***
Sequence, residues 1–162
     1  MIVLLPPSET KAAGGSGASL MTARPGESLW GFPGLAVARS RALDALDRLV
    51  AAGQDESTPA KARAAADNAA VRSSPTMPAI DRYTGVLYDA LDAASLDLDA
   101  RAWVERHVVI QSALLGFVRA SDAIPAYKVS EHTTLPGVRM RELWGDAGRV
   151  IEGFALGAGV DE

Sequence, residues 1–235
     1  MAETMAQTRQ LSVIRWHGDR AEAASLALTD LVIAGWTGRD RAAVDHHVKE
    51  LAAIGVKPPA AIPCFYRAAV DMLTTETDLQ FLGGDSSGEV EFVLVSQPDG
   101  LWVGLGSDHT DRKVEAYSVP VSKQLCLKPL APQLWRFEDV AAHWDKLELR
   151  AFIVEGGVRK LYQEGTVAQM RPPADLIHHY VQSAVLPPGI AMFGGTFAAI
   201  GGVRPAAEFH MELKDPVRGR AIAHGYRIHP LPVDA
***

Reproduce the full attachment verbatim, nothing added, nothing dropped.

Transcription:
Sequence, residues 1–162
     1  MIVLLPPSET KAAGGSGASL MTARPGESLW GFPGLAVARS RALDALDRLV
    51  AAGQDESTPA KARAAADNAA VRSSPTMPAI DRYTGVLYDA LDAASLDLDA
   101  RAWVERHVVI QSALLGFVRA SDAIPAYKVS EHTTLPGVRM RELWGDAGRV
   151  IEGFALGAGV DE

Sequence, residues 1–235
     1  MAETMAQTRQ LSVIRWHGDR AEAASLALTD LVIAGWTGRD RAAVDHHVKE
    51  LAAIGVKPPA AIPCFYRAAV DMLTTETDLQ FLGGDSSGEV EFVLVSQPDG
   101  LWVGLGSDHT DRKVEAYSVP VSKQLCLKPL APQLWRFEDV AAHWDKLELR
   151  AFIVEGGVRK LYQEGTVAQM RPPADLIHHY VQSAVLPPGI AMFGGTFAAI
   201  GGVRPAAEFH MELKDPVRGR AIAHGYRIHP LPVDA